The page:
The intense efforts devoted in the 1960s to achieving first an uncrewed and then ultimately a human Moon landing become easier to understand in the political context of its historical era. World War II had introduced many new and deadly innovations including blitzkrieg-style surprise attacks used in the invasion of Poland and in the attack on Pearl Harbor; the V-2 rocket, a ballistic missile which killed thousands in attacks on London and Antwerp; and the atom bomb, which killed hundreds of thousands in the atomic bombings of Hiroshima and Nagasaki. In the 1950s, tensions mounted between the two ideologically opposed superpowers of the United States and the Soviet Union that had emerged as victors in the conflict, particularly after the development by both countries of the hydrogen bomb.
Willy Ley wrote in 1957 that a rocket to the Moon "could be built later this year if somebody can be found to sign some papers". On 4 October 1957, the Soviet Union launched Sputnik 1 as the first artificial satellite to orbit the Earth and so initiated the Space Race. This unexpected event was a source of pride to the Soviets and shock to the U.S., who could now potentially be surprise attacked by nuclear-tipped Soviet rockets in under 30 minutes. Also, the steady beeping of the radio beacon aboard Sputnik 1 as it passed overhead every 96 minutes was widely viewed on both sides as effective propaganda to Third World countries demonstrating the technological superiority of the Soviet political system compared to that of the U.S. This perception was reinforced by a string of subsequent rapid-fire Soviet space achievements. In 1959, the R-7 rocket was used to launch the first escape from Earth's gravity into a solar orbit, the first crash impact onto the surface of the Moon, and the first photography of the never-before-seen far side of the Moon. These were the Luna 1, Luna 2, and Luna 3 spacecraft.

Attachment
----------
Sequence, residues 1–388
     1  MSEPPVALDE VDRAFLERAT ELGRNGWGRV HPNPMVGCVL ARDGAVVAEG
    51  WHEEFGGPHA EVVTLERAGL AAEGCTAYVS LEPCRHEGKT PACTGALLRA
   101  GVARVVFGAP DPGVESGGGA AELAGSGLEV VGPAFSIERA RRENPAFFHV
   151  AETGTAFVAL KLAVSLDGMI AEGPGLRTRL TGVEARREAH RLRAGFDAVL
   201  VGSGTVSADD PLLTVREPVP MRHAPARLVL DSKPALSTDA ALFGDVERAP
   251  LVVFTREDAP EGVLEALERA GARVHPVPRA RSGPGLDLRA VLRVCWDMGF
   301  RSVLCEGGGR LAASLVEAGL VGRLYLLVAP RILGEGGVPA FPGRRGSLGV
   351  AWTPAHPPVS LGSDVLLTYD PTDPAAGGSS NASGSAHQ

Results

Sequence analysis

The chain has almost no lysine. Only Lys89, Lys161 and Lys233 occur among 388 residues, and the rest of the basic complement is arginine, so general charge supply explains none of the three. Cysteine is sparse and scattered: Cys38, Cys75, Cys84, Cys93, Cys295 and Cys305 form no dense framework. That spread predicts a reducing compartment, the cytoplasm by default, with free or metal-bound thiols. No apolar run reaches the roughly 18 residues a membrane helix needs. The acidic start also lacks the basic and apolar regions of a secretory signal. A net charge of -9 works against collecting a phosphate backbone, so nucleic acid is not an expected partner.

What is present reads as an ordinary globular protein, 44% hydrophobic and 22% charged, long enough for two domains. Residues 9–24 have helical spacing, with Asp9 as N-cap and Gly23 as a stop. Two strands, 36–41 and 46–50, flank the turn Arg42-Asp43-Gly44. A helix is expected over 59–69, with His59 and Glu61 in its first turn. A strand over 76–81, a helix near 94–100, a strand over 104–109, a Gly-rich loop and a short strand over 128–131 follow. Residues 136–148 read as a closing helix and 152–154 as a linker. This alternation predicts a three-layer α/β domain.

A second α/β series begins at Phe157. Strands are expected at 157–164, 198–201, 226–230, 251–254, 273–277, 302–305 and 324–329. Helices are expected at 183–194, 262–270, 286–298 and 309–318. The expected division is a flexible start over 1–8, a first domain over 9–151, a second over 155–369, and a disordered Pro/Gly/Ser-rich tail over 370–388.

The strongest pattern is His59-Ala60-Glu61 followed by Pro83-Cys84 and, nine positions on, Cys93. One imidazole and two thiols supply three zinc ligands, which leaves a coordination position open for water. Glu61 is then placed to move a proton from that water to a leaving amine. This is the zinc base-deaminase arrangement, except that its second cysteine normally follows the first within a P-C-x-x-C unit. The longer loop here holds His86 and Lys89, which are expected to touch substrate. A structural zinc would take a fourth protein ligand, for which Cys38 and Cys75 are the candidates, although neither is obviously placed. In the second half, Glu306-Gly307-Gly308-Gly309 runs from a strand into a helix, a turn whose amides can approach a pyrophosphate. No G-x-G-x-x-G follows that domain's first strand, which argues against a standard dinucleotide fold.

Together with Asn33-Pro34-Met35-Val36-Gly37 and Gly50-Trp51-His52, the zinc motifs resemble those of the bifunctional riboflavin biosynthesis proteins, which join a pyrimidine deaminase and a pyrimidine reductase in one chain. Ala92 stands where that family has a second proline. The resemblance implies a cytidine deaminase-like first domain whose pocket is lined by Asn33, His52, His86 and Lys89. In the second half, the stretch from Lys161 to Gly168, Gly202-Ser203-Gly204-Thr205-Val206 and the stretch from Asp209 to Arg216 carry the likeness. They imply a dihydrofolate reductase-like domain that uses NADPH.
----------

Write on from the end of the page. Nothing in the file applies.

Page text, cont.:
The U.S. response to these Soviet achievements was to greatly accelerate previously existing military space and missile projects and to create a civilian space agency, NASA. Military efforts were initiated to develop and produce mass quantities of intercontinental ballistic missiles (ICBMs) that would bridge the so-called missile gap and enable a policy of deterrence to nuclear war with the Soviets known as mutual assured destruction or MAD. These newly developed missiles were made available to civilians of NASA for various projects (which would have the added benefit of demonstrating the payload, guidance accuracy and reliabilities of U.S. ICBMs to the Soviets).
While NASA stressed peaceful and scientific uses for these rockets, their use in various lunar exploration efforts also had secondary goal of realistic, goal-oriented testing of the missiles themselves and development of associated infrastructure, just as the Soviets were doing with their R-7.
Early Soviet uncrewed lunar missions (1958–1965)
After the fall of the Soviet Union in 1991, historical records were released to allow the true accounting of Soviet lunar efforts. Unlike the U.S. tradition of assigning a particular mission name in advance of a launch, the Soviets assigned a public "Luna" mission number only if a launch resulted in a spacecraft going beyond Earth orbit. The policy had the effect of hiding Soviet Moon mission failures from public view. If the attempt failed in Earth orbit before departing for the Moon, it was frequently (but not always) given a "Sputnik" or "Cosmos" Earth-orbit mission number to hide its purpose. Launch explosions were not acknowledged at all.